Cricket heading towards becoming gender neutral
The earliest reference to cricket is in South East England in the mid-16th century. The pioneer cricket club was Hambledon Club in Hampshire County founded in 1750. It nursed and natured cricket during its infancy to become the game’s greatest club. The elite in London moved and founded the illustrious Marylebone Cricket Club (MCC) in 1787. It coincided with the opening of the renowned Lord’s Cricket ground. MCC soon became the sport’s premier club guiding and governing the game and the custodian of the Laws of Cricket introduced in the latter part of the 18th century. Presently, though the game is governed by the International Cricket Council (ICC) but the Laws of Cricket still remain within the domain of the MCC.
With the Women’s cricket hogging equal limelight on the electronic media with their male counterparts, the term batsman, at times, sounded odd for female players. Over the past four years, the ICC has been moving away from the word ‘batsman’, with ‘batter’ being used intermittently in commentary and across the organisation’s channels. The change in nomenclature from batsman to batter has finally been accepted by the MCC.
The television viewers and radio listeners will hear the word batter during the forthcoming Men’s T20 World Cup 2021.The ICC has confirmed that it will replace ‘batsman’ in all playing conditions. The beginning was made in September when MCC announced it would be replacing the word ‘batsman’ with ‘batter’ in the Laws of Cricket. That change will now be reflected across all ICC playing conditions going forward.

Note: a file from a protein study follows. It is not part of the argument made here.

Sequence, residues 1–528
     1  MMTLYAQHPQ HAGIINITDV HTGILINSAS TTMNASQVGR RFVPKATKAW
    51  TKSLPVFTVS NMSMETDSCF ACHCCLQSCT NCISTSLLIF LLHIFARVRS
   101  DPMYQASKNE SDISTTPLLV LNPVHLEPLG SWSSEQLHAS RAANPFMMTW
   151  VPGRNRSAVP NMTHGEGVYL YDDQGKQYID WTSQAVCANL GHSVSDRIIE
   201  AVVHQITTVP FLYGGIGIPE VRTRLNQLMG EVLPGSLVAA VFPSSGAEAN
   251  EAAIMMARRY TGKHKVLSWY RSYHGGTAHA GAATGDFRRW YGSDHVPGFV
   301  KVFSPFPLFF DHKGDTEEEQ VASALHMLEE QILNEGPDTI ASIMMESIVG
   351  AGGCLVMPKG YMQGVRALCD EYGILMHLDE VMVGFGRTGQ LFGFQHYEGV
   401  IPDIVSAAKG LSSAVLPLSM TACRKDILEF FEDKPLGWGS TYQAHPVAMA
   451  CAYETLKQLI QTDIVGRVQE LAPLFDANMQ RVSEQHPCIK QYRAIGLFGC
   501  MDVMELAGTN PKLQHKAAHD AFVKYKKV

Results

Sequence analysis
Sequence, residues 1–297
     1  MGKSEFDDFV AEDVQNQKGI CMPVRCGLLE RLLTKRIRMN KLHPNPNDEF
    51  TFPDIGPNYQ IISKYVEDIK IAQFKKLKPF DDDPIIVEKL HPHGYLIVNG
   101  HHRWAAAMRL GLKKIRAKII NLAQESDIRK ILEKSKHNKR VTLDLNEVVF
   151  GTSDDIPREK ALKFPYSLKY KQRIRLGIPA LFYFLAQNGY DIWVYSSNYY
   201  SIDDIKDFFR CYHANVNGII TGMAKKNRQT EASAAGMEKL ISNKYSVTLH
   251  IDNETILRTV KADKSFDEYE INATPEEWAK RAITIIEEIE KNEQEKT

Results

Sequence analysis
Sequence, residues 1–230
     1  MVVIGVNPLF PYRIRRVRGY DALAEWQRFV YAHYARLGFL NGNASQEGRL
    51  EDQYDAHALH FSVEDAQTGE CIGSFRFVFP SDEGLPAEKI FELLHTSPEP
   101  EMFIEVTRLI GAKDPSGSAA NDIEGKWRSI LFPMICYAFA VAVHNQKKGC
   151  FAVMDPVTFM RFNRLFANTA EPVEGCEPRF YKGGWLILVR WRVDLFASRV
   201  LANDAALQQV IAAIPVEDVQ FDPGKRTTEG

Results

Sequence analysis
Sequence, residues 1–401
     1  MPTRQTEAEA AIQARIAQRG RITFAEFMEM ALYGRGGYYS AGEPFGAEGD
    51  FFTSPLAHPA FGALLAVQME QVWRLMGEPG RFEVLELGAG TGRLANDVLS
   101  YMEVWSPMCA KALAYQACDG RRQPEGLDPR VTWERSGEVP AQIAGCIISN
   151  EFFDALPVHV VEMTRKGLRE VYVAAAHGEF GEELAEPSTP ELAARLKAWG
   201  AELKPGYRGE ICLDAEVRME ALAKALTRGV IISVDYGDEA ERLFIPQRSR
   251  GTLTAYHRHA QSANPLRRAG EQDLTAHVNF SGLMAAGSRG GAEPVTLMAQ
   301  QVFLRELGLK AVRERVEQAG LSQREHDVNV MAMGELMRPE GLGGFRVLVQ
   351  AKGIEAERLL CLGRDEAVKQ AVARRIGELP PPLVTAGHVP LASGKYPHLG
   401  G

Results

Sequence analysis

The acting CEO, ICC Geoff Allardice said the MCC’s decision to move to ‘batter’ in the Laws of the game was one they ‘welcomed’. “The ICC has been utilising the term batter for some time now across our channels and in commentary and we welcome the MCC’s decision to implement it into the Laws of cricket and will follow suit with our playing conditions that are derived from the Laws. This is a natural and perhaps overdue evolution of our sport and now our batters are gender-neutral in the same way as bowlers, fielders and wicket-keepers. It’s a small change, but one that I hope will have significant impact on cricket being viewed as a more inclusive sport,” Allardice said.
For ICC Hall of Famer and former Australian female star Lisa Sthalekar said, “The move to ‘batter’ is a simple but important one in growing a sport that truly is for everyone. Unaware cricket was a sport played by women as a child, Sthalekar went on to become one of the finest players Australia who later stepped into commentary box.”
Having grown up using the term ‘batter’ as a player, she stuck to the word when she stepped behind the microphone and remembers being told by a co-commentator in one of her earliest stints that “batter was for fish”.
“We don’t say ‘hey look at that fieldsman’, we say ‘look at the fielder’. We don’t say ‘bowlsman’, we say ‘bowler’,” she said in a ICC match following the MCC decision.
“So if there is a similar term to describe someone with a piece of wood in their hands, why wouldn’t we follow suit?”
It’s worth noting that up until this century, the phrase ‘fieldsman’ was the accepted term with the MCC stepping in 2000. Now a days, you’d be hard-pressed to find anyone saying ‘fieldsman’.